How to Choose a Shelter Dog

When I was a kid, I finally talked my dad into letting me get a dog. Baron the Wonder Dog was my inseparable friend from age 10 to 20. When I set off for college, he went with me. We spent a miserably cold winter in Missoula, MT in 1978-79 and left there in March of ‘79. We spent our first night in Seattle at some friend’s house and at 5:30 a.m., Baron asked to go outside. I let him out, went to the bathroom myself, and when I opened the door to let him back in, he was not there. I searched for months and never found him.

Baron's beach holes made great BBQ pits

Rocks were great entertainment for Baron. He’d dig long canyons along which he advanced his pet rock

This led me to adopt a 6 month-old Shepherd-Lab whose owner had surrendered him at the Humane Society. “David Flemming” was 6 feet tall, balding, and wore a gray business suit. At least that’s what Buck said every time we encountered a man of that description.

Buck loved to ride in my VW Bus, but he had no idea how to keep his balance. When we took a turn, stopped, or accelerated, he gave gravity its pull. I taught him the words for the directions – “right,” “left,” “get up”’ and “whoa-up.” When we applied to the moving vehicle he quickly caught on to shifting his weight to counter gravity.

Your shelter dog will come with a history about which you can only guess. Did his owner take him everywhere? Was he left at home on a chain in the back yard? Is he housebroke? Does he like cats? Children? Other dogs?

Even his breeding may be a mystery. Is he a pedigreed dog? If so, what type of lines is he from? (Working? Sporting? Show? Backyard breeding? Etc.). If he’s a mutt, is there any telling what breed(s) he is? If so, this might give you some insights as to his aptitude for certain sports or a hint about his attitude toward people, animals and favorite activities.

This is not a reliable testament, however. For example, I met some people recently who own a lab-basset hound mix. He looks like a basset but has the lab temperament. In that mix, it’s the best of both of those two worlds, I’d say. A lab is one of the best dogs in the world for an all around family dog. A basset is a true hound—his nose leads the way and he’s blind to anything but the scent.

It’s difficult to assess the temperament or aptitude of a dog who is housed in a shelter. Some feel despondent as they sit waiting for their humans to return. They become depressed and hopeless. For others, the stress of the new surroundings and strange dogs makes them edgy or afraid. It is a rare dog that will display his true self in this stressful environment. I chose Buck because he was the only dog in the kennel sitting quietly and watching me with eyes that said, “you are the one to let me out of here.” I did not anticipate he had ulterior motives!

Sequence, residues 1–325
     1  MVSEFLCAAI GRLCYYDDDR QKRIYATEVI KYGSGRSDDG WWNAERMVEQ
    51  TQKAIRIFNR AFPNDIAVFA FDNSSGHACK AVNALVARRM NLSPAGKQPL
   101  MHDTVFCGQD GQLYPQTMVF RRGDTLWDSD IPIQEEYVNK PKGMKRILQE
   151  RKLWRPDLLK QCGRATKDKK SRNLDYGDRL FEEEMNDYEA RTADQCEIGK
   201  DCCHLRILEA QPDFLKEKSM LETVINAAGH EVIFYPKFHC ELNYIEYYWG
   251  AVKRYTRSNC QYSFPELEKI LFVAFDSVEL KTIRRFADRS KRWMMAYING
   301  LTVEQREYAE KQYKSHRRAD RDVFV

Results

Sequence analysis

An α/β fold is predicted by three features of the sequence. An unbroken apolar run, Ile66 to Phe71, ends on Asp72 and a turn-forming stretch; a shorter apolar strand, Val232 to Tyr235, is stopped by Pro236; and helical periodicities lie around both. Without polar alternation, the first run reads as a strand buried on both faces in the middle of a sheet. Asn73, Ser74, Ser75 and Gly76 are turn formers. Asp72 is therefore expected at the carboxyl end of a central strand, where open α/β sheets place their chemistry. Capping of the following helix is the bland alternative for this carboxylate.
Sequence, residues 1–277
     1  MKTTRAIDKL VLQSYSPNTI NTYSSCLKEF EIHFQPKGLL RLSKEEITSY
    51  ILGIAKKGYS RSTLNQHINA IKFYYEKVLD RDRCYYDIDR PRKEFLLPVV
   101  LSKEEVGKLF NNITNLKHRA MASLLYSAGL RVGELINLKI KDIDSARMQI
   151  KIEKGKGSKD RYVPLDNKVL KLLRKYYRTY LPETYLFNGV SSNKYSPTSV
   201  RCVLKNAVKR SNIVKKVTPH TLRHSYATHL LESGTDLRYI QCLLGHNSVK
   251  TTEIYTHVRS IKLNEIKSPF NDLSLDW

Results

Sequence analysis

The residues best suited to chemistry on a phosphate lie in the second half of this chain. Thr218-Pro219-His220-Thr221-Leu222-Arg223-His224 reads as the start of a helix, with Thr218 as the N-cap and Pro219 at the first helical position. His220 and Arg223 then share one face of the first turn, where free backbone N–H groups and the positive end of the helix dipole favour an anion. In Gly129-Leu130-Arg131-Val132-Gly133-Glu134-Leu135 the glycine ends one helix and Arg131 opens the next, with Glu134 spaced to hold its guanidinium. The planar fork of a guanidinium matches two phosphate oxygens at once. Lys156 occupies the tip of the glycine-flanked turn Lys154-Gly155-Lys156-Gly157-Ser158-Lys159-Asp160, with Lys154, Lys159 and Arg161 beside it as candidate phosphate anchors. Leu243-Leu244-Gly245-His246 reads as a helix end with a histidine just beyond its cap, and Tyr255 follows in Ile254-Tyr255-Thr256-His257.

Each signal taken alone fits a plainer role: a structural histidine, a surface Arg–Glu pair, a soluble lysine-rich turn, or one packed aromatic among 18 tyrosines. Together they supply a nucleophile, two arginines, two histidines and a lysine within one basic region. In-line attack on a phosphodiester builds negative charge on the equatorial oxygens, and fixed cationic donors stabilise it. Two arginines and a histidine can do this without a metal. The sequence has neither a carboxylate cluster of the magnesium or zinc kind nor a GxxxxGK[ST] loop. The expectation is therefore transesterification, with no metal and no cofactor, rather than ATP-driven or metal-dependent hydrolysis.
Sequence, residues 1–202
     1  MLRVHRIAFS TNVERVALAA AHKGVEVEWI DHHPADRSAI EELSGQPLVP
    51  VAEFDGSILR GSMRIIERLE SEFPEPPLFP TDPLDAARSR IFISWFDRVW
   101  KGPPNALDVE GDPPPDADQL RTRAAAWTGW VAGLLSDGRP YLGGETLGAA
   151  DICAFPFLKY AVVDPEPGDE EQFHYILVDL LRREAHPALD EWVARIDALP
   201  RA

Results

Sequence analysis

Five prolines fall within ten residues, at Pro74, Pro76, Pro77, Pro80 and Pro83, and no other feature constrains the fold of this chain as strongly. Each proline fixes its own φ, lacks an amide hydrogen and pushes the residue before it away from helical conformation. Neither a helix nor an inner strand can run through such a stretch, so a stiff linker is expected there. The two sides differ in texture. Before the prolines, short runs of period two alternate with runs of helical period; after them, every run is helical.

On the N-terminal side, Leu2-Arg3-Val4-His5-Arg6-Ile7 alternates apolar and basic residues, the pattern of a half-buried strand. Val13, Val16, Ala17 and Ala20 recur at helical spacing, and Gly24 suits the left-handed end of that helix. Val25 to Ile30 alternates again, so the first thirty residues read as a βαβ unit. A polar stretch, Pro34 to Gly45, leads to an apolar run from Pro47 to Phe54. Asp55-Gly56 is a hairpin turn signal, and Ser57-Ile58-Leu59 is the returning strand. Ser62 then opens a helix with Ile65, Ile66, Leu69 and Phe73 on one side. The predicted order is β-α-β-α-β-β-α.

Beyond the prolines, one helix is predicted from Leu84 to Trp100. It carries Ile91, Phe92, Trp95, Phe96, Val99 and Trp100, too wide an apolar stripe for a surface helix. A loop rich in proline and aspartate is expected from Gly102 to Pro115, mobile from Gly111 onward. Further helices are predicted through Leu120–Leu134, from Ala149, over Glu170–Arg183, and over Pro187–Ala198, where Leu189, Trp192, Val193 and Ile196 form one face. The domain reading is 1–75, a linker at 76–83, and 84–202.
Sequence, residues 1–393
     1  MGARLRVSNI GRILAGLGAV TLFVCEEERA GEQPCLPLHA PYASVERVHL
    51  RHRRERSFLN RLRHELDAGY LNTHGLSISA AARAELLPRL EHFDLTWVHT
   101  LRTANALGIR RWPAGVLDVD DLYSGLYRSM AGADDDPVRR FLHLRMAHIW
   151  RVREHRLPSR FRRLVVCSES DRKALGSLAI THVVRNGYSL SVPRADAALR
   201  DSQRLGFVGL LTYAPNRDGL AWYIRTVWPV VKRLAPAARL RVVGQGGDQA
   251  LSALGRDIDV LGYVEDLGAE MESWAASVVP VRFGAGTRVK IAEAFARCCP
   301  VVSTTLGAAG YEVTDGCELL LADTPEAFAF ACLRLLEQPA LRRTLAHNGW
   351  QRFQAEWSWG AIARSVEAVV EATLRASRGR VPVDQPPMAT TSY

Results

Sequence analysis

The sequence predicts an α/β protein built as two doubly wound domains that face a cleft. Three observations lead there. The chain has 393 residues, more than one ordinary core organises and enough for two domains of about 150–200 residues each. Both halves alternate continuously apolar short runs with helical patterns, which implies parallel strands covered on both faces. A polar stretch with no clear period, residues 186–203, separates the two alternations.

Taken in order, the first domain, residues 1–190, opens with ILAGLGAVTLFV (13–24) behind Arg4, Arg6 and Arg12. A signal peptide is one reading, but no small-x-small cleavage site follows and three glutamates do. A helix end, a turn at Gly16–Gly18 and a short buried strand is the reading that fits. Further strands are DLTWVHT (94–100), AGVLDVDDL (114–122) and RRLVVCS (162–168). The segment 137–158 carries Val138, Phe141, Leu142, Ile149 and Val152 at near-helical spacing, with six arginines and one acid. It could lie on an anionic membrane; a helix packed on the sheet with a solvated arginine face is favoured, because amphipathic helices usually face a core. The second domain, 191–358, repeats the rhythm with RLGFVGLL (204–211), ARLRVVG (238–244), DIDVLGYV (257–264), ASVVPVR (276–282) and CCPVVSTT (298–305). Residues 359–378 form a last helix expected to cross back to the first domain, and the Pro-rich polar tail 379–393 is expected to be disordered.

So how do you figure out whether or not this is the right dog for you?

Sometimes the shelter staff has spent some one-on-one time with the dog and can help you select a dog who is appropriate for your lifestyle. Sometimes they have information about what kind of home he came from and why he was surrendered. These details may serve to make you shy away from a certain dog or embrace him.

Usually there is not enough information for you to make an informed decision, however. In my opinion, if you are looking for a dog to help you meet a specific goal, then you are better off to begin with a puppy. But if you want a companion, and you are willing to allow the dog and the relationship to define your future, then a shelter dog will do quite nicely.

For example, some friends of mine adopted a little yellow dog from a shelter. He was around 6 months old and had a lot of fear and aggression issues. They took their time and within a year or so, had shaped him into a much more trusting, level-headed dog. He lived the next 14 years happily accompanying them on horseback, yachting and road trip outings.

The other people I mentioned in the previous post who adopted the purebred Cattle Dog, have nearly resolved his issues of aggression and are open to exploring sports at which he can excel and will love.

Flexibility is the name of the game when it comes to adopting a shelter dog. You must learn who that dog is, help him overcome his deficiencies, and find ways to feed his soul with things that he loves to do.

This will change your life in ways you could not imagine. And most people will say that it is one of the best things that ever happened to them.

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